How-To Geek

How to Re-Enable Hibernation in Windows 8 and 10

If you’re a fan of hibernating your computer, you’ve likely noticed that neither Windows 8 or Windows 10 offer hibernate as a default power menu option. Don’t worry, it’s really simple to bring the hibernate option back.

Readers unfamiliar with hibernation mode may be curious why so many people miss the feature and want it back. While we’ve written about it in detail before, a short summary is in order.

You’re probably familiar with sleep mode, which puts your computer into a low-power state that keeps the computer’s state in memory, allows you to start it back up very quickly.

Hibernation, as the name implies, is like the deep version of sleep mode. Instead of keeping the computer’s state in memory, though, hibernation mode writes the computer’s state to the hard drive. This allows it to turn off completely, using even less power than sleep mode. Back in the day, this was a bit of a performance hit–it would take longer to start your computer up and resume working. But with modern and speedy solid-state drives going into and out of hibernation is almost as snappy as sleep mode, so there are very few downsides.

Shutting down entirely means your laptop won’t run out of juice if you leave it asleep in your bag, which is great. (Or, if you put your computer in hibernation and lose power for a few days, you’ll still be able to resume working later.)

How to Enable Hibernation Mode

Sound useful? Who knows why the hibernation option is disabled by default in Windows 8 and 10, but thankfully, enabling it is easy.

In Windows 8, you can press Windows+I to pull up the “Settings” menu, then select “Control Panel” and then “Power Options”.

Windows 10 users also press Windows+I, but instead select “System”, then “Power and Sleep” from the left hand navigation panel, and finally “Additional power settings” at the bottom of the Power and Sleep menu.

It’s far more efficient in both versions of Windows, however, to simply press WIN+R to pull up the run dialog box, type “powercfg.cpl”, and press enter.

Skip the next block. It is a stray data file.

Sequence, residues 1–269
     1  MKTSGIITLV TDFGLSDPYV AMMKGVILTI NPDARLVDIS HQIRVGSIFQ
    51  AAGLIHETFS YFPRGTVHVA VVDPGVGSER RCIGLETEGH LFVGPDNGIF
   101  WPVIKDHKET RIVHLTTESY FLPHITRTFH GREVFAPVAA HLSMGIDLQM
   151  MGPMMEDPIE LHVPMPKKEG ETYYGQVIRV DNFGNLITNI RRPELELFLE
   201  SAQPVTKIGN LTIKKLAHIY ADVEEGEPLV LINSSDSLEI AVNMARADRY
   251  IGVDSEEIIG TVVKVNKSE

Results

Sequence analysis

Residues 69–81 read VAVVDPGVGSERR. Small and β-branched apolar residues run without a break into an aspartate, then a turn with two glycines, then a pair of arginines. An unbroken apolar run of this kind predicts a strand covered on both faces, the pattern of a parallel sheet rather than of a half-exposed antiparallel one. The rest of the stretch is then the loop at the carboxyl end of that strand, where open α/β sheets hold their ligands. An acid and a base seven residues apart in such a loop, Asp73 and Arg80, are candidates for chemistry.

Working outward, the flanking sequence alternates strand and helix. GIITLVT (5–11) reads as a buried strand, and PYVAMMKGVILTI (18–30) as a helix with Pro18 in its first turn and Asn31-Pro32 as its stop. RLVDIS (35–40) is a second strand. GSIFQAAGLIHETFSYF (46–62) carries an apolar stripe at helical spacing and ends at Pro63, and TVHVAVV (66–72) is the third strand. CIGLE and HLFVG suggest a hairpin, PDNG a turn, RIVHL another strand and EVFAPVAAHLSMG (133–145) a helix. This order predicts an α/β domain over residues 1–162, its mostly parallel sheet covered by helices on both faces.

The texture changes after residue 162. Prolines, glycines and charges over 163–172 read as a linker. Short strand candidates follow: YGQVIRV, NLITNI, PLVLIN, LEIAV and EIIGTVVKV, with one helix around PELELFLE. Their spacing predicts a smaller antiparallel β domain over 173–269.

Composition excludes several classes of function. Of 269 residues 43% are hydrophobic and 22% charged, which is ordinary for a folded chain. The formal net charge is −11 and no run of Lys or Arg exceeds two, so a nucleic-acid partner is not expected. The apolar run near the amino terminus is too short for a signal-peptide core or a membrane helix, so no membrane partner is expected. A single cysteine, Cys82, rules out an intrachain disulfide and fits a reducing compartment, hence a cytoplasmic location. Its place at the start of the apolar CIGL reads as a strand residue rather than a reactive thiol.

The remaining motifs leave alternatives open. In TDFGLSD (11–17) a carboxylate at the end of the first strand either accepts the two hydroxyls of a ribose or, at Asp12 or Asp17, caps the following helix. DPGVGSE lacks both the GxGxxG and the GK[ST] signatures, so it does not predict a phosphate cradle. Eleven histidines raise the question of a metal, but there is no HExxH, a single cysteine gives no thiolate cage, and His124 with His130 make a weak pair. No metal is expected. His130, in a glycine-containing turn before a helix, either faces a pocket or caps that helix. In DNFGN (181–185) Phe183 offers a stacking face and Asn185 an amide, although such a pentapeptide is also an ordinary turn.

This command is direct shortcut to the “Power Options” menu. From here onward, the steps are absolutely identical for both operating systems.

Select “Choose what the power buttons down” from the left hand navigation panel.

At the top of the window, click on “Change settings that are currently unavailable” to enable the options we need to toggle.

Scroll to the bottom of the window and check “Hibernate: Show in Power menu.” and then click “Save changes”.

Go ahead and close the Power Options control panel. The changes are effective immediately; no reboot required.

Now when you select the power options menu you’ll see the power configuration entry you crave: “Hibernate”. Give it a click and Windows will save the memory to your hard disk, shut down completely, and wait for you to return to exactly where you left off.

Jason Fitzpatrick is a warranty-voiding DIYer who spends his days cracking opening cases and wrestling with code so you don't have to. If it can be modded, optimized, repurposed, or torn apart for fun he's interested (and probably already at the workbench taking it apart). You can follow him on if you'd like.

  • Published 05/20/16
  • Phil Larson

    Can't get this to work. I've been trying--"sleep" doesn't always work, and packing away my laptop when it awakens--still packed--really heats up my device.

    I'm prevented from changing. It says, "Some settings are managed by your system administrator." But I'm the owner of this device, lock, stock, and barrel. It's not a company or school machine.

    I tried to launch powercfg.cpl as an administrator, but that didn't seem to help.

    Any suggestions? I need to make this change.

  • Any way to do this in Win 7? For some reason this particular machine I have takes 2 full minutes to come out of sleep, but 10 seconds out of hibernation.

  • Why oh why, does Microsoft keep "shooting themselves in the foot" in what they claim are improvements in Windows-8 and Windows-10? Where is the former sanity in what used to prevail at Microsoft?

  • Jason Dagless

    The problem is Windows is built by probably 50+ different teams all working on their little bit. Personally I never use hibernation. Rather have that space back on my SSD.

  • Tom Amitai

    Anybody care to guess why my pc won't respond to a wake on lan packet when it's hibernated, but will when it's off? I'm using Win10 Home 64 bit build 10586.318.

  • John Nieurzyla

    Ok I got hibernate back up and running, but will APC backup's now recognise this and restart when brownouts are over?I have written many times to APC, but APC are not interested in answering me, they just want my details, and if I want to upgrade my equipment.

  • Whitson Gordon

    I'm prevented from changing. It says, "Some settings are managed by your system administrator." But I'm the owner of this device, lock, stock, and barrel. It's not a company or school machine.

    A lot of times this is due to people using a Windows 10 "privacy" app that mucks up the system, or something to that effect. We've written about it more here.

    Of course, that's just one possibility, so if you haven't edited the telemetry settings, I'm not sure what could be causing it. Perhaps there's a way to change it from the registry?

More Articles You Might Like

Enter Your Email Here to Get Access for Free:

Go check your email!